As Man’s Promise continued its course away from that ordered by the Wormwood’s captain, whispers circulated among the crew. Fishguts Kroop speculated that Mr. Plugg and Master Scourge could be taking Man’s Promise to Rickety Squibs, a dry dock used by pirates to refit their ships to change the lines and silhouettes. The only reason they’d be going against Captain Harrigan’s orders by going there was to set themselves up as independent pirates; Kroop thought they might be trying to make a name for themselves.
While it seemed reasonable to some of the other humans, the goblins weren’t convinced. They did know, however, whatever Mr. Plugg’s and Master Scourge’s purpose was, they still hated the goblins (the feeling was mutual). With a skeleton crew and no Wormwood in sight, it seemed the time to make some changes had come.
Brodo Faggins, Spack Jarrow, and Sandara Quinn moved around the crew as they slept, locked below decks, while Ent Cleastwood and Garagornne kept a sharp eye out. They spent the evening garnering support among the crew, killing two of the former Wormwood crew who seemed to support Mr. Plugg and Master Scourge, or at least, who failed to show enthusiasm for replacing them.
Brodo Faggins picked the locks keeping them in the hold and sneaked up to the main deck. The rest of the crew were asleep as Man’s Promise drifted. With a skeleton crew, there weren’t enough to spread around to multiple shifts. Brodo, Garagornne, and Ent sneaked into the Captain’s cabin while Spack Jarrow and the rest of the loyal crew waited for the signal.
Mr. Plugg and Master Scourge were both asleep, confident in the locks’ ability to keep the crew where they put them. Mr. Plugg was the first to learn the folly of his ways as Brodo opened his throat. So swift was Brodo’s attack, Master Scourge’s sleep was not disturbed. He too, fell to a blade in the dark.
After seeing how quickly and easily the two feared men were dispatched, the former Wormwood crew had no heart for a fight. The goblins had already shown themselves to be as treacherous and vicious as any black-hearted pirate on Golarion’s seas, anyway. The Man’s Promise now sailed under a new captain, Captain Spack Jarrow. Brodo Faggins was made 1st Mate, Ent Cleastwood was 2nd Mate. Garagornne was appointed to be the new Bo’sun, and Shahn Dook Pizzard would be the Bo’sun’s mate.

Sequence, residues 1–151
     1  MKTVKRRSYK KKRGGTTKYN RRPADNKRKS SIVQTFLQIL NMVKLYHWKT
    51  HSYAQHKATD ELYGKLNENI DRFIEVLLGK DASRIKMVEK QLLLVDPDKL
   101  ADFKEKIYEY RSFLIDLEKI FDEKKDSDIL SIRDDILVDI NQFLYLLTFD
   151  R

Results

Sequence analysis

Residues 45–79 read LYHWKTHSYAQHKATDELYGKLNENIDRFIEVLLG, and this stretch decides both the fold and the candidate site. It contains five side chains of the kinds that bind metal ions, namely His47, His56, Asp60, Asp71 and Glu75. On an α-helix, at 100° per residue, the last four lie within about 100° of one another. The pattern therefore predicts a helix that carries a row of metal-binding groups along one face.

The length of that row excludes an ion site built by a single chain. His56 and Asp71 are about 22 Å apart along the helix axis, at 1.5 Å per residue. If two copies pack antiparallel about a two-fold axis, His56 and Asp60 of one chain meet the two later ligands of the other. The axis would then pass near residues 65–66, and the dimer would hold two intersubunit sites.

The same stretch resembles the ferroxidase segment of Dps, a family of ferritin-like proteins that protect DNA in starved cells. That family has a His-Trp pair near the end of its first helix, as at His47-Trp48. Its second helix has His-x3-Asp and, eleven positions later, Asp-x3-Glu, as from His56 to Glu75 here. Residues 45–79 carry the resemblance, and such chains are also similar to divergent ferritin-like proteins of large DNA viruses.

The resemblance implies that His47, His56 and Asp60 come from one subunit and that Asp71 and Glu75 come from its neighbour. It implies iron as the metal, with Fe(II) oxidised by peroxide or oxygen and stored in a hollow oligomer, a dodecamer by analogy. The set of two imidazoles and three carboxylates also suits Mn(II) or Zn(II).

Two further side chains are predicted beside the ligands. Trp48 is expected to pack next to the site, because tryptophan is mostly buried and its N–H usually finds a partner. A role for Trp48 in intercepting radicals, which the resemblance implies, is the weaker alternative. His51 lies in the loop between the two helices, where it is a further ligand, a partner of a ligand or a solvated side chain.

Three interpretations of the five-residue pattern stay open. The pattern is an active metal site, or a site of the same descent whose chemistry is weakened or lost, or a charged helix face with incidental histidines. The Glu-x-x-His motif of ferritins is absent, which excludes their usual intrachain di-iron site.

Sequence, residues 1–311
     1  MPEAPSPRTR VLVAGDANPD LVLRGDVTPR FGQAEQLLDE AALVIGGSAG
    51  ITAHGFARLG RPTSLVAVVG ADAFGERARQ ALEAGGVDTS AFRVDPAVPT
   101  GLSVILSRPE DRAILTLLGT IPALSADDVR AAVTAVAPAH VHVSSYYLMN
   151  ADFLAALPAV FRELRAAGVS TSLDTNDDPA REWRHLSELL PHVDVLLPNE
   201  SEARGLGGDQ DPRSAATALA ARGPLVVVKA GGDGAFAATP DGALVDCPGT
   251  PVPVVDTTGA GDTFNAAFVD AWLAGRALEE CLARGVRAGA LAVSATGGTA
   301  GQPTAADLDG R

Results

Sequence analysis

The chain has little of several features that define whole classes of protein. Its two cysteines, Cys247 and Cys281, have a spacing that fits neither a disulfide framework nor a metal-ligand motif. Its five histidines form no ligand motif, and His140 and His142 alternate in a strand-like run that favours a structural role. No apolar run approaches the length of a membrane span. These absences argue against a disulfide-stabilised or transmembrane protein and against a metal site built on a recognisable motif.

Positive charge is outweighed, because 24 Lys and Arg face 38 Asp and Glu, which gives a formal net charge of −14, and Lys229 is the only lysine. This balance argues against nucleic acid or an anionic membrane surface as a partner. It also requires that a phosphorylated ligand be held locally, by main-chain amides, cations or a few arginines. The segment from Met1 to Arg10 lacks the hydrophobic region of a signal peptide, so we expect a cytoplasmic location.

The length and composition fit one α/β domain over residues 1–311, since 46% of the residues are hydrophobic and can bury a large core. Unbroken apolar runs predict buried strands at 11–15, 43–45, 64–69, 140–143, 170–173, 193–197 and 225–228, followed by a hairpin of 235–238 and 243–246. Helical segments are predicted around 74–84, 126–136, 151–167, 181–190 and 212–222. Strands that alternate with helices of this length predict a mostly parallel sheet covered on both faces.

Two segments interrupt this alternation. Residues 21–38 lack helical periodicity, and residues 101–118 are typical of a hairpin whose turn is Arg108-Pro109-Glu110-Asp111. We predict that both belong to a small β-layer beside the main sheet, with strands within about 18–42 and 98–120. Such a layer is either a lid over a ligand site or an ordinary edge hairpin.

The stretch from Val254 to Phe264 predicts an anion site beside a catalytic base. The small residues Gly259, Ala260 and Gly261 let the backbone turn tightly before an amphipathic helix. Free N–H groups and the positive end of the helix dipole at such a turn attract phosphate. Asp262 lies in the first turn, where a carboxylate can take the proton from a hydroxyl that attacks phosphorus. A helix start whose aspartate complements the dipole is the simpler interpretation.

Fishguts Kroop approached his new captain with the suggestion that perhaps they take Mr. Plugg’s & Master Scourge’s plan to heart and sail for Rickety Squibs. Captain Harrigan would know the lines of his prize ship, so if the goblins wanted to keep her, they would need a refit…
‘Twas a bit early for the mutiny that netted the PCs their own ship, but then again, the AP wasn’t designed for goblins PCs with such high skill scores in Sneak. About the only thing it really changes for me as a GM, is that I have to start keeping track of their Infamy a little earlier. The fact that they caught the crew off guard made it almost trivially easy to take over the ship; they may not have been able to win a straight-up fight at this point. Still, I’m not bothered because now, this will be a common sight for this campaign:
By this point in the 4E game, I was already fed-up with the system. I’m still enjoying Pathfinder. That’s not to say 4E is a bad game. If you enjoy D&D 4E, then more power to you. I am now convinced that it’s not the kind of game I enjoy playing or running. I suppose after over 30 years of playing D&D, there was bound to come an edition I didn’t like. I would say that my editions of preference are:
AD&D 2nd Edition
BECMI D&D (Basic D&D according the “rules” of this blog)
AD&D 1st Edition
My preference for 3.X/Pathfinder over Basic D&D is not a huge divide; it’s more like splitting hairs. They’re almost tied for second place, with AD&D 1st edition in a close third. Of course, since the group drifted away from the original purpose of the Doctor StrangeRoll campaign, this discussion is a little moot (particularly since we have yet to play ANY incarnation of AD&D as a group together). I just didn’t want to forget the roots of this blog, as set out in the very first post.